Posted: 22 Feb 2022
Web3, one of the hottest tech trends this year, is generating plenty of controversy, says EOLAS RECRUITMENT.
It was Ethereum co-founder Gavin Wood who came up with the term ‘Web3’ in 2014, using it to describe a decentralised digital economy where peer-to-peer interactions are verified via blockchain technology. Enthusiasts believe this will be the next big thing but sceptics share Elon Musk’s view that Web3 is more “marketing buzzword than reality right now”.
Whichever side of the debate you are on, one thing that’s clear is that significant capital is currently going into the Web3 ecosystem. According to a recent Forbes report, globally $30bn+ of venture capital was invested in crypto start-ups last year. Meanwhile big players are also getting involved—Google’s parent, Alphabet, is said to be looking at blockchain while Facebook’s parent Meta is reportedly aiming for deep compatibility with Web3.
So, what’s the background to all this activity?
More than a decade has passed since Satoshi Nakamoto implemented the first blockchain enabling bitcoin to be sent peer-to-peer without having to go through a third party intermediary like a central bank.
Since then, the best-known uses of blockchain are trading cryptocurrency, decentralised finance, and, more recently, buying Non-Fungible Tokens (NFTs). However, developers have explored a plethora of potential use cases ranging from secure sharing of medical data to supply chain management and regulatory reporting. Already gaming and virtual worlds are using blockchain-based digital assets. If Web3 gains traction, it could mean that in future many day-to-day interactions and transactions will be conducted via the blockchain.
Web3 advocates claim that this decentralisation will shift control of user-generated data away from big tech players like Google, Facebook and Amazon and give users back ownership of their own information—an attractive idea at a time when people are increasingly aware of the value of personal data. Take the decentralisation idea a bit further and it might even involve reorganising society (for example, replacing regulators with technology-based solutions).
However, sceptics argue that while servers may be able to operate peer-to-peer, an intermediary will most likely still be required for an individual user to participate on Web3 from their mobile device or browser. So, it’s perhaps debatable how ‘decentralised’ Web3 will really be. Sceptics also raise privacy concerns and suggest that scaling in a distributed, decentralised digital economy may be technically difficult and costly.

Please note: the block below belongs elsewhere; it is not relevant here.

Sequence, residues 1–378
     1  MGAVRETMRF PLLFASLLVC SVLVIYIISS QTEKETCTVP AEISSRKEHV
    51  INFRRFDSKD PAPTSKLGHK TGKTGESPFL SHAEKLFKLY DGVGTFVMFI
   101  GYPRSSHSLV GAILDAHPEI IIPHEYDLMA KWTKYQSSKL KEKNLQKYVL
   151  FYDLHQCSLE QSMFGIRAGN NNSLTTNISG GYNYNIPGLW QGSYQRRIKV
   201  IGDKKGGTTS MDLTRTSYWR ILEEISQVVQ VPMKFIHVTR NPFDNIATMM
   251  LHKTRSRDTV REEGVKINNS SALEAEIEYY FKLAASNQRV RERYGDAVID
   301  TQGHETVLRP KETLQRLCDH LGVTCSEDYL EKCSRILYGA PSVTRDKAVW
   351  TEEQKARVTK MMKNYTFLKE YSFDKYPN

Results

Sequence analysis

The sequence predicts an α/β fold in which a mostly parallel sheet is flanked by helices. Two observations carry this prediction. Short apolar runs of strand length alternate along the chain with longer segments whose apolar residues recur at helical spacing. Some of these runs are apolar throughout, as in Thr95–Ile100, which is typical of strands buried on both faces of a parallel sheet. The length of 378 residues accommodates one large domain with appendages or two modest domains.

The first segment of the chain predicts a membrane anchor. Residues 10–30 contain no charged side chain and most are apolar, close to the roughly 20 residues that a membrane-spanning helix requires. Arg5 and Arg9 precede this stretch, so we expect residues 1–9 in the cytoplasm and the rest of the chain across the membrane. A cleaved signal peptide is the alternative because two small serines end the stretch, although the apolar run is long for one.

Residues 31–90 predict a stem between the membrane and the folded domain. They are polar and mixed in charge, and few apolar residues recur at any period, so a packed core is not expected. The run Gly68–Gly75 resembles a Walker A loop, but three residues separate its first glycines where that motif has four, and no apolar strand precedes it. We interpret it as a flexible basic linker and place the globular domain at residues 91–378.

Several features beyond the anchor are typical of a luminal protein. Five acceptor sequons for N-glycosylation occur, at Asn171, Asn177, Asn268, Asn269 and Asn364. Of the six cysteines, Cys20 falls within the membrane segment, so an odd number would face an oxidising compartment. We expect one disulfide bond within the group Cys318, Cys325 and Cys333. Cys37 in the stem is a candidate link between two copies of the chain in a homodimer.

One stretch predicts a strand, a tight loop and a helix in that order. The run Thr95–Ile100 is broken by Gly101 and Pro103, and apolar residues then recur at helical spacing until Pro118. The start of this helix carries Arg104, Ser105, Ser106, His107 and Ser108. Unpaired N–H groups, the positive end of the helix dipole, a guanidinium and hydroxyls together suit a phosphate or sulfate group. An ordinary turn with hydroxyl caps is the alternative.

While it’s difficult to predict how Web3 will evolve in the medium to longer term, it’s clear that meaningful progress will involve a lot of hard graft by tech workers.
For consumers, the next generation Internet might not feel very different from Web2 but for enterprises and developers, building the infrastructure and decentralised apps (dApps) to support a Web3 economy will be a major challenge.
Regardless of what the future holds, one thing we can be certain about is that there will be ongoing demand for tech skills, particularly developers and tech workers with experience in areas like artificial intelligence, cybersecurity and blockchain.
As always, if you are planning to recruit IT workers, the best way to source talent is to work with a specialist IT recruiter. Eolas Recruitment can manage every stage of your hiring process, from identifying candidates to screening applicants, arranging interviews and contract negotiation. Likewise, if you’re looking to advance your career in IT, our team has strong relationships with employers and will work closely with you to identify and secure a suitable role. Check out our videos and online reviews for further information on how we work with companies and candidates.Previous Page Contact UsView Web3 Jobs